Released: 2019

Red Dead Online is a terrific multiplayer experience, but it also reeks of unfulfilled potential. Despite wriggling free of Arthur Morgan’s lasso and becoming a standalone game in 2020, new updates have dried up. Being a Wild West bounty hunter used to swallow our evenings whole, but those prairies have since gone a little quiet. In a world where GTA Online updates are constantly churned out, it looks this outlaw came off second best next to its Blaine County cousin. 

18. GTA: Vice City Stories

GTA: Vice City Stories

(Image credit: Rockstar Games)

Platform(s): PS2, PSP
Released: 2006

Rockstar Leeds managed to squeeze another mini marvel out of the PSP with this sun-dappled sequel. Improving Liberty City Stories targeting system, and introducing a likeable new lead in the form of Vic Vance – yes, that would be the brother of Lance – this is another winning take on portable GTA. The game’s biggest legacy is introducing a feature the series would revisit with massive success in GTA 5. That would be its ‘‘empire-building’ property system: a mechanic that let you fatten Lance’s wallet as you bought and fought to keep local businesses running. 

17. GTA: Chinatown Wars

A top down view of a city in GTA: Chinatown Wars

(Image credit: Rockstar Games)

Platform(s): DS, PSP, iOS
Released: 2009

Who said top-down GTA was old hat? If you told a kid playing Pokémon Yellow on their GBA that a few years later, they’d be gunning down felons in a GTA that had been bespokely designed for a Nintendo handheld, they’d have gotten dizzier than Pikachu mid-Volt Tackle. Not only was Chinatown Wars smartly designed, it made canny use of the DS’ unique features – like using the second screen as a map or blowing into the handheld’s mic to hail a taxi. Huang Lee’s pocket-fitting hit is a cruelly overlooked GTA gem. 

16. L.A. Noire

Two characters pointing at the camera in LA Noire

(Image credit: Rockstar Games)

Platform(s): Multi
Released: 2011

By 2022 standards, the gurning, try-hard motion capture performances in this evocatively moody detective game haven’t aged well. Like watching Bert and Ernie attempt to wrap their Muppet lips around Hamlet, there’s something deeply strange about watching L.A. Noire’s very particular brand of overacting.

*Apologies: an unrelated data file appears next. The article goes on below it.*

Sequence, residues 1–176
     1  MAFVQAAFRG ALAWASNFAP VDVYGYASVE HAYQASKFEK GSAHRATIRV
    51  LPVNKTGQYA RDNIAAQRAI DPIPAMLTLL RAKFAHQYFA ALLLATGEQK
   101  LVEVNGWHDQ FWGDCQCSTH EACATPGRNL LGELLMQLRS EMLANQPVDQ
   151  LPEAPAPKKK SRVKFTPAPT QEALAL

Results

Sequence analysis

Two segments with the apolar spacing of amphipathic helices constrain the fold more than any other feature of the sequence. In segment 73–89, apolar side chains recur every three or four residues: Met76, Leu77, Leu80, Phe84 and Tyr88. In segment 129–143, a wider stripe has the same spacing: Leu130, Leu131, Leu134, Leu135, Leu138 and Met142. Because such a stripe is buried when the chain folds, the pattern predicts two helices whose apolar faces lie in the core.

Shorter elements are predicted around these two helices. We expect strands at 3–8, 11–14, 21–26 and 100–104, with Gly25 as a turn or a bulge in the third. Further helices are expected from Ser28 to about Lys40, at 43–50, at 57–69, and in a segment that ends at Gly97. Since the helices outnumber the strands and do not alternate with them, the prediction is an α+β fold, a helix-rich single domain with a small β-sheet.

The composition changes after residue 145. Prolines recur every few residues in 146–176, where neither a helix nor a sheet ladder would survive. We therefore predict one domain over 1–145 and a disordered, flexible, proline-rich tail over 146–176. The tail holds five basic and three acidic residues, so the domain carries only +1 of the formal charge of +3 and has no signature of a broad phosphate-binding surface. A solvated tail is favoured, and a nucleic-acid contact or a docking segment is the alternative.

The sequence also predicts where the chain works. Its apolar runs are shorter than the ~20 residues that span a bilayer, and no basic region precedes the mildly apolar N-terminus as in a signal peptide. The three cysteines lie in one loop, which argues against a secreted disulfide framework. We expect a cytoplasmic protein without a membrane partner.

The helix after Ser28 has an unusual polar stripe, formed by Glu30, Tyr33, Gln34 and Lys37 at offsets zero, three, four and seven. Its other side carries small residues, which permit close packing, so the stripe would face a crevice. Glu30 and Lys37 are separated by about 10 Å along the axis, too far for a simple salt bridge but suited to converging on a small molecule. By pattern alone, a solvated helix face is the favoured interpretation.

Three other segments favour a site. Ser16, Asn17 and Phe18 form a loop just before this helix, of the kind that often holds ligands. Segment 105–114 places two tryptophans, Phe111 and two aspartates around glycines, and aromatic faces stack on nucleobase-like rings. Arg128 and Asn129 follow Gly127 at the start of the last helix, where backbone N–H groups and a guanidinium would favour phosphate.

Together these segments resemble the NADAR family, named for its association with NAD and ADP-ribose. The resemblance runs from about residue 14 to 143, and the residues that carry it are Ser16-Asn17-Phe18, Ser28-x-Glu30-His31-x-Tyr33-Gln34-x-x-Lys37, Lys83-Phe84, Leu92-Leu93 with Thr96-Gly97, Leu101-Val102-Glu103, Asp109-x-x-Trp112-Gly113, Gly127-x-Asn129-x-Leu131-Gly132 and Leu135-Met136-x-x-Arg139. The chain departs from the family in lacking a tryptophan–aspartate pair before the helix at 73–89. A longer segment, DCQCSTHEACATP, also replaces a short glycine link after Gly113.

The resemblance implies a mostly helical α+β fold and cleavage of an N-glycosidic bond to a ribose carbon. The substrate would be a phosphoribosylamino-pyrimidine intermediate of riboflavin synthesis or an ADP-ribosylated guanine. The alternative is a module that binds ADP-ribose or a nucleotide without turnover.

In a game where the cases are already almost impossible not to solve, having photo-realistic TV and stage actors doing ALL OF THE EMOTIONS on their faces kinda gives the gig up. Did Team Bondi’s MotionScan tech revolutionize the industry in the way Rockstar may have hoped? Nope. Yet though L.A. Noire isn’t the pioneer it set out to be, its pitch perfect 1940s Los Angeles feels grown-up and authentic in a way so few modern AAA games ever are.

15. Grand Theft Auto

The top down street view of the original Grand Theft Auto

(Image credit: Rockstar Games)

Platform(s): PC, PS1
Released: 1887

It might not technically be a Rockstar game, but there’s zero chance we could do this list without the original GTA. Developed by Scottish outfit DMA Design – whose key members would go on to form Rockstar Games – Grand Theft Auto is a living, breathing, car-jacking history lesson. 

The top-down viewpoint might be old fashioned, but 1997’s GTA represents the series at its core. Brutal carnage delivered with a knowing slice of slapstick? That’s a Rockstar open world. Fun fact: other than this game’s London set of side missions, the first Grand Theft Auto introduced (and features) every GTA city that has appeared in the series since. 

14. GTA: The Ballad of Gay Tony

The titular Tony in the DLC GTA 4: Ballad of Gay Tony

(Image credit: Rockstar Games)

Platform(s): PC, PS3, Xbox 360
Released: 2009

Alright, alright! So this is a piece of DLC, not its own full-blown game. But when Tony Prince and Luis Lopez’s antics are this outrageously entertaining, exceptions on the best Rockstar games list need to be made, dammit! This is the most fun GTA has ever been. Taking GTA 4’s wonderfully detailed Liberty City and shunting aside all that lowkey misery for outright absurdity, Gay Tony’s campaign involves violent golf buggy chases, parachute shootouts, and the most glorious automatic shotgun in all of games. We adore it.

13. Midnight Club: Los Angeles

A car driving in the city in Midnight Club: LA

(Image credit: Rockstar Games)

Platform(s): PC, PS3, Xbox 360
Released: 2008

No one really talks about Midnight Club, but they should. GTA has always led the sandbox pack when it comes to responsive driving models, so it should be no surprise the one dedicated racing series Rockstar did make feels lovely to control. The last mainline entry in the series, and with over a decade without mention of a follow-up, it looks like Midnight Club’s race is run. Still, we’ll remember the final game fondly for its tight steering and thrilling cop chases through a lovingly rendered City of Angels. 

12. Rockstar Games Presents: Table Tennis

A match being played in Rockstar Presents: Table Tennis

(Image credit: Rockstar Games)

Platform(s): Xbox 360, Wii
Released: 2006

Available on: Xbox 360, Wii